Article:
Advances in technology bring the promise of an improved life for all in every aspect of their lives, and drivers in Kentucky are no exception. Most recently, innovations with artificial intelligence are becoming standard equipment on many vehicles with the stated goal of greater car safety and specifically, crash avoidance. Advanced safety systems such as back-up cameras and blind spot monitoring provide better tools for the driver, but the ultimate responsibility for driving safely remains with the individual behind the wheel.
A recent study has revealed that not only is the perception that driving has become less safe prevalent, so, too, is the reality. The primary reason for the safety decline is distracted driving, which is a broad category covering a multitude of behaviors. A driver is distracted when they either take their eyes of the road, their hands off the wheel or their attention is diverted from the task of driving. A distraction that implicates driving safety can be the result of a “non-tech” issue, such as driver eating or drinking or from the most common driver distraction, the use of social media.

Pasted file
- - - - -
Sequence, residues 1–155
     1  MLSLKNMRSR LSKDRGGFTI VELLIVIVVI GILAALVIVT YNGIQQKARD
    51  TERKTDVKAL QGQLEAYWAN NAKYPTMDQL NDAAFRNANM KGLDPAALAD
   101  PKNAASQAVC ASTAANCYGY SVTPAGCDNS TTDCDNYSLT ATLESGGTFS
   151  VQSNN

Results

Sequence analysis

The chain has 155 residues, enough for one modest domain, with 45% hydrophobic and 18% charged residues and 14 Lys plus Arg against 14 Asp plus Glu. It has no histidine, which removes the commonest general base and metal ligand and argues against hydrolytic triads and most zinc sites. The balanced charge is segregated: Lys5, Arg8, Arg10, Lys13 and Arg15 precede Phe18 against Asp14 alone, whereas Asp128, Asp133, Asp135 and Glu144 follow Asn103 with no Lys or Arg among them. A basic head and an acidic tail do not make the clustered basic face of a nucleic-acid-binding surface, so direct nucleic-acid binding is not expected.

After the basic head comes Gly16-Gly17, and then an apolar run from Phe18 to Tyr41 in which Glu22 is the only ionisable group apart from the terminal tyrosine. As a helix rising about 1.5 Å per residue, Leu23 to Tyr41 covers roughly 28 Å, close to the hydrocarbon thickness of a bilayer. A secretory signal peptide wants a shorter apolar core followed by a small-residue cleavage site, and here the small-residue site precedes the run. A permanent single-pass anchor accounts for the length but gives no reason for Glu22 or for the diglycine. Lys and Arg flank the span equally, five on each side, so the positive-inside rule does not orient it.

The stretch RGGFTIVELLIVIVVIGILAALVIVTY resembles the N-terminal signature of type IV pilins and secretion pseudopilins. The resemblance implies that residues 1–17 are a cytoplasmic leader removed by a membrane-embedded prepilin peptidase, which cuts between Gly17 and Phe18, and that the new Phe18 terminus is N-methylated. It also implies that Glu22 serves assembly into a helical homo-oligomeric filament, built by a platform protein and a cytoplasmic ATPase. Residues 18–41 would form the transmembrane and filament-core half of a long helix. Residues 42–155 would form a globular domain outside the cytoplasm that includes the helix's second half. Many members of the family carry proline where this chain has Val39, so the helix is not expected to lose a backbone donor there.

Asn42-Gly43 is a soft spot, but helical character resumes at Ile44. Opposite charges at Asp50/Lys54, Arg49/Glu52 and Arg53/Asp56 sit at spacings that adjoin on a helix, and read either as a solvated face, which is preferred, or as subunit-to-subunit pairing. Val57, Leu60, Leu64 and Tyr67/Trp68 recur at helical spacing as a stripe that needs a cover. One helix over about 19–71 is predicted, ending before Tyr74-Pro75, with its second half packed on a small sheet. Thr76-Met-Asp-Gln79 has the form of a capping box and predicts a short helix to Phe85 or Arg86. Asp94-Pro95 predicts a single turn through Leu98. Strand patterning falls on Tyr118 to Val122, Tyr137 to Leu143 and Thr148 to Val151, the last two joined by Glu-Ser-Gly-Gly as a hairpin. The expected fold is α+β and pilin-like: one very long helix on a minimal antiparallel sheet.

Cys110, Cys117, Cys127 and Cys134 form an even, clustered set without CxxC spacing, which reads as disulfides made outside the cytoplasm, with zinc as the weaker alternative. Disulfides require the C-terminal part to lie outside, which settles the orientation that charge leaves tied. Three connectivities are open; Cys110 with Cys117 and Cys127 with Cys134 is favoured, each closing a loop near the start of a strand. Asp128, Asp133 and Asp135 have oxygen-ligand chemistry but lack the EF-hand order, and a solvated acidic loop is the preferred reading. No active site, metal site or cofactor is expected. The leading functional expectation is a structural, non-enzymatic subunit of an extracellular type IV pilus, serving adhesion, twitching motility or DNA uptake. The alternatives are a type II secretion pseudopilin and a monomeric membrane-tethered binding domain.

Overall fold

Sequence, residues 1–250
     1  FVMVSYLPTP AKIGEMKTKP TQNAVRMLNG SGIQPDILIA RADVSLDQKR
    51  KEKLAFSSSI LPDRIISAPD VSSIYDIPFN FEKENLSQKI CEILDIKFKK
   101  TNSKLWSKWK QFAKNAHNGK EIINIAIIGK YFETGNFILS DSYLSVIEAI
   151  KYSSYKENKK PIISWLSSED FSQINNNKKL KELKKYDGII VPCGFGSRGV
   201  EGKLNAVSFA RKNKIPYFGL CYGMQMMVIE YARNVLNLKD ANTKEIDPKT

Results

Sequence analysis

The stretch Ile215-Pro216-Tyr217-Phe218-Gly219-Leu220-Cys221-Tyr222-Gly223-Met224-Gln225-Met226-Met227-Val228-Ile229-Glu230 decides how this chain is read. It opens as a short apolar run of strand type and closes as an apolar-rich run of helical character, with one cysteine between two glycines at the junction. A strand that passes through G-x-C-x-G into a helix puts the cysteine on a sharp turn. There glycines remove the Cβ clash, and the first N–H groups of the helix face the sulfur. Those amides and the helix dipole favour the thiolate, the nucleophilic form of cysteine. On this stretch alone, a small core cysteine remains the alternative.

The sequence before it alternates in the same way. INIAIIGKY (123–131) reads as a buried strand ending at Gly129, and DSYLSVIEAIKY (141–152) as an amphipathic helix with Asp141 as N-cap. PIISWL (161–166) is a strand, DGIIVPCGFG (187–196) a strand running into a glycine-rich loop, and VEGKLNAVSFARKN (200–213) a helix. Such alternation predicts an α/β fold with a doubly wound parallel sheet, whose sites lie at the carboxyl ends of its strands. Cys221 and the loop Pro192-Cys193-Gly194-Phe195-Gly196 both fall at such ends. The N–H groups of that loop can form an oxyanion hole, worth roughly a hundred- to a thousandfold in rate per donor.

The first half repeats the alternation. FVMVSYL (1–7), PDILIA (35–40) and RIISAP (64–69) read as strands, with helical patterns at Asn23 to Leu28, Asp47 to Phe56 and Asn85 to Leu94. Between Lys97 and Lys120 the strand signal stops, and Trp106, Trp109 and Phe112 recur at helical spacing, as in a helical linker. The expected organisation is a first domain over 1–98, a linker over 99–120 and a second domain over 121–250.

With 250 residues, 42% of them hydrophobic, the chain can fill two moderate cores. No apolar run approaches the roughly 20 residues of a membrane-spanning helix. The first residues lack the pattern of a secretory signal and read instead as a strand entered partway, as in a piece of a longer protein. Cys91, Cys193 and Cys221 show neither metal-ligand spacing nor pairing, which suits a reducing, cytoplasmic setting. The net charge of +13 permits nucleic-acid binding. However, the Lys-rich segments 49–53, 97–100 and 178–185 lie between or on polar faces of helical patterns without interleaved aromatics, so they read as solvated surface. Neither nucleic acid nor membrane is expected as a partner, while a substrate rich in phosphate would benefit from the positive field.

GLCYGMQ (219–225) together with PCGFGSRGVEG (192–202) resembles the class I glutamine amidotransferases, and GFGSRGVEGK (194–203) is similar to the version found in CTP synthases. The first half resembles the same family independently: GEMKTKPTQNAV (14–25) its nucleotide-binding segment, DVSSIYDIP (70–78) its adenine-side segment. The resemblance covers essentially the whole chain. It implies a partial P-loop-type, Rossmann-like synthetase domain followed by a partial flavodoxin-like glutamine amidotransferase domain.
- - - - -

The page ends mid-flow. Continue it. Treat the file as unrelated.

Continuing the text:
Cell phone use and particularly texting, implicate all three categories of distraction; the eyes, the hands and the cognitive attention of the driver. The advanced safety systems are designed to alert drivers of potential dangers as a supplement to attentive driving, not compensate for and overcome poor driving habits. Interestingly, a high percentage of drivers consider themselves a safe driver, although with room for improvement. The danger, it seems, comes from the “other” drivers.
Each driver has a duty to drive in a manner that is safe for other drivers who share the road, as well as for themself. A personal injury lawyer can explain issues of liability when driver negligence results in injury.